SpaceX and Tesla founder Elon Musk has never kept his love for Mars secret, and he's even aiming to bring humans to the Red Planet with Starship. However, it seems Mars may have a little crush on Musk as well based on their weird flirty exchange over Twitter.

A Twitter account named Mars, with the handle the handle @4thFromOurStar, posted a message on Friday that it wants only Musk to move to the Red Planet, implying that no other person will do. The Tesla CEO then tweeted back saying that the feeling is mutual.

Mars then asked Musk when he was "coming over," to which the billionaire replied, "Send me hot pics & I'll be right over."

In response, Mars shared a Science Photo Library image of the Red Planet's Gale Crater and Mount Sharp, which NASA's Curiosity Rover is currently exploring. Musk then tweeted back that he's glad "it's not November," referencing an internet challenge.

According to CNET, the novelty Mars Twitter account, which shares jokes about looking cute in a selfie and getting rejected by Earth, is run by a "simple university student."

Twitter users, of course, joined in on the fun and produced many Elon-Mars memes following the funny exchange. See some of their responses below!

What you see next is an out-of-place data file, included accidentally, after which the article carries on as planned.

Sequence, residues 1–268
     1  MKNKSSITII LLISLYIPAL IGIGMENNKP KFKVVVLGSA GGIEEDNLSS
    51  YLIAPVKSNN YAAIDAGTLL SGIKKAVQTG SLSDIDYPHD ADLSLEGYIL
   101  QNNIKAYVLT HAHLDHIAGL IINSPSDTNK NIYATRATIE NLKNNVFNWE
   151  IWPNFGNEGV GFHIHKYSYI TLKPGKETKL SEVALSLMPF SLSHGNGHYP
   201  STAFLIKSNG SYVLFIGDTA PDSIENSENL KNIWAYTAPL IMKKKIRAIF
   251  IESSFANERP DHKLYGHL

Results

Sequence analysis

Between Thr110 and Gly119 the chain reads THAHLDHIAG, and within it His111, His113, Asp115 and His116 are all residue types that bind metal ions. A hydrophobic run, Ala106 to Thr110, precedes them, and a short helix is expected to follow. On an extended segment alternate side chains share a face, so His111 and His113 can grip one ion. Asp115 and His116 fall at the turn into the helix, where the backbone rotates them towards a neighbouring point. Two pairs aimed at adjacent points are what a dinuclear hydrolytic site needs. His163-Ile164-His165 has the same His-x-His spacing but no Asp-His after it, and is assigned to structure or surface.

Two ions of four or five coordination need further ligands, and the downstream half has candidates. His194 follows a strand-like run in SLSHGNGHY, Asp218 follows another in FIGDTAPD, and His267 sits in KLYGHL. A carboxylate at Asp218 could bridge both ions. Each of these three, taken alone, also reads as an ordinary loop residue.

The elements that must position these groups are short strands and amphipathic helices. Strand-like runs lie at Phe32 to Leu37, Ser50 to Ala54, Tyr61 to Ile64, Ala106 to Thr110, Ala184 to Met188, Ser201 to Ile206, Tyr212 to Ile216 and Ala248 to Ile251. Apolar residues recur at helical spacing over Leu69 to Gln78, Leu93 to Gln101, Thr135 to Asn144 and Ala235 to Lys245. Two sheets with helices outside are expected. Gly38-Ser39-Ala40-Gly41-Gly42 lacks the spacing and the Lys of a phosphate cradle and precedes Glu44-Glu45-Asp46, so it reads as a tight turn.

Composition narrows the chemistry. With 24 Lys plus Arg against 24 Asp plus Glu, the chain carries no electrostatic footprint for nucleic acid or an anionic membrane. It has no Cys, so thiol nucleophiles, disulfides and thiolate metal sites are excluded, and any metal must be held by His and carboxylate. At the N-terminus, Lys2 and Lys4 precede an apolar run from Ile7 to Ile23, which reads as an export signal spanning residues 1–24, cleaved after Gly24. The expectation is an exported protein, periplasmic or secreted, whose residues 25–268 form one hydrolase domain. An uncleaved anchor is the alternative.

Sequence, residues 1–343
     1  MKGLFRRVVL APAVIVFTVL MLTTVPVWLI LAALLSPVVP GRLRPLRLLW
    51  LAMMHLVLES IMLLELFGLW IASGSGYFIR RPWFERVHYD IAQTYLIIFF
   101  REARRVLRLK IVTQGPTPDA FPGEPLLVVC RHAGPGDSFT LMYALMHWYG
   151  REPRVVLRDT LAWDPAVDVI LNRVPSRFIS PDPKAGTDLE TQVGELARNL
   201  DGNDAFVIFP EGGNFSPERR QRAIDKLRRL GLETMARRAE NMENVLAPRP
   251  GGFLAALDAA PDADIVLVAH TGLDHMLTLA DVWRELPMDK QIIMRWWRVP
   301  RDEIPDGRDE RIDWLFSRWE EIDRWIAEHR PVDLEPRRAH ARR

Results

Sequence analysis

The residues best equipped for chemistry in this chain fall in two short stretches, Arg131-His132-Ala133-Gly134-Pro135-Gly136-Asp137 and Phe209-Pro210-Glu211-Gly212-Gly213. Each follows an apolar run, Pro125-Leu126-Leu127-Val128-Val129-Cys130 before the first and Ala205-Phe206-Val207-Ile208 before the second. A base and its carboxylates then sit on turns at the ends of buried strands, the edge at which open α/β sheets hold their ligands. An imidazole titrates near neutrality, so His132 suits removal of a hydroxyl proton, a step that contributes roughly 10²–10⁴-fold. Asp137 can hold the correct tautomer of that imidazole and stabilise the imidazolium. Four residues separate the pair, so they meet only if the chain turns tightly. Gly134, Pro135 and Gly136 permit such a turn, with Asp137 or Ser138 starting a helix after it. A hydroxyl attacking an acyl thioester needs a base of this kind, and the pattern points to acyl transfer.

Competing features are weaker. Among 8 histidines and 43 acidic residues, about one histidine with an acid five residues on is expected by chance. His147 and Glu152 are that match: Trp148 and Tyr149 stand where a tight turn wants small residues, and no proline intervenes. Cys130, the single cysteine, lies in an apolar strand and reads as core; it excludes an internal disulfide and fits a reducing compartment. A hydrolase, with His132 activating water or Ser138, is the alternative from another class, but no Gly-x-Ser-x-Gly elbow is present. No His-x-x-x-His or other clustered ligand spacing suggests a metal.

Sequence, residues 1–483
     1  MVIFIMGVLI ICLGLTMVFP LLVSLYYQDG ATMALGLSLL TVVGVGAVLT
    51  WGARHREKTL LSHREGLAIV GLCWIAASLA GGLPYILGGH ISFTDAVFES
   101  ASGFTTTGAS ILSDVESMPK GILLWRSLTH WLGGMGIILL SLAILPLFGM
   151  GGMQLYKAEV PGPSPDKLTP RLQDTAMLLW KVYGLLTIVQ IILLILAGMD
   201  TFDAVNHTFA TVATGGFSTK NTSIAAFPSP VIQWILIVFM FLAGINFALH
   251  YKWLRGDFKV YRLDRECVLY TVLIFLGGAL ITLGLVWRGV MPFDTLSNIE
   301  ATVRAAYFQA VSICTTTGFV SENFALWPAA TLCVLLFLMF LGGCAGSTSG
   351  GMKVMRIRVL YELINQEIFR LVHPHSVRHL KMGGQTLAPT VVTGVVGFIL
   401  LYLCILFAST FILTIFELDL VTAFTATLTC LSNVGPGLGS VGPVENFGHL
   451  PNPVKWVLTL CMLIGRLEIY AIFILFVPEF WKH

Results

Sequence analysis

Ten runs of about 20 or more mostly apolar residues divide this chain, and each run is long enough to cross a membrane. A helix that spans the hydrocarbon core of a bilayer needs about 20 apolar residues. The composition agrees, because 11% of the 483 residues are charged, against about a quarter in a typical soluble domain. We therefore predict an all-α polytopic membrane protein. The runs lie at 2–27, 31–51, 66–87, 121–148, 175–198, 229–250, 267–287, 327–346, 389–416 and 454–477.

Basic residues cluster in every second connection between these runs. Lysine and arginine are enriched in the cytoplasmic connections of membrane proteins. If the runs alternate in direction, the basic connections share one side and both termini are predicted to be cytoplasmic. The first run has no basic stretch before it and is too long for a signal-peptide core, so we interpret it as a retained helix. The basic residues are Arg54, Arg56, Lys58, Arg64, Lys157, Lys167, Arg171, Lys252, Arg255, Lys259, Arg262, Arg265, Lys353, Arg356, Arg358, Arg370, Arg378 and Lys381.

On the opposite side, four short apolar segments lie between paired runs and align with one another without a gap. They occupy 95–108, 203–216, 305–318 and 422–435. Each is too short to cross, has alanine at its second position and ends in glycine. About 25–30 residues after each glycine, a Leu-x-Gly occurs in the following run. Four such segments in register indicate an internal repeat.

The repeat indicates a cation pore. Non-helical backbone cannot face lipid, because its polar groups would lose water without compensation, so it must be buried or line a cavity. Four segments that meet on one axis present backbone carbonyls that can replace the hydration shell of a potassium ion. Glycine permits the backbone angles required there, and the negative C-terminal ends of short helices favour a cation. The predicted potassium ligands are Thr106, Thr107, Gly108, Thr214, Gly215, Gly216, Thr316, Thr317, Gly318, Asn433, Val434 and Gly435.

Meanwhile, Musk's SpaceX is still preparing for its Mars cargo mission and manned spaceflight. According to the company's website, it aims to launch its first spaceship set for Mars by 2022 that would  "confirm water resources, identify hazards, and put in place initial power, mining and life support infrastructure." By 2024, SpaceX is hoping to launch a spaceship, this time with astronauts, but the company's long-term goal is to "build a thriving city and eventually a self-sustaining civilization on Mars."

Last month, Musk released a photo of the actual prototype of the ship SpaceX will be launching to Mars, the Starship. The stainless steel Starship Hopper test-flight rocket resembled the rocket in Tintin's "Destination Moon," which Musk apparently drew inspiration from. 

Last week, Musk gave everyone a new update on the Starship, sharing a photo and video of the ship's Raptor engine's successful first firing. The latest test fire comes more than two years after the first firing of the Raptor development engine back in September 2016.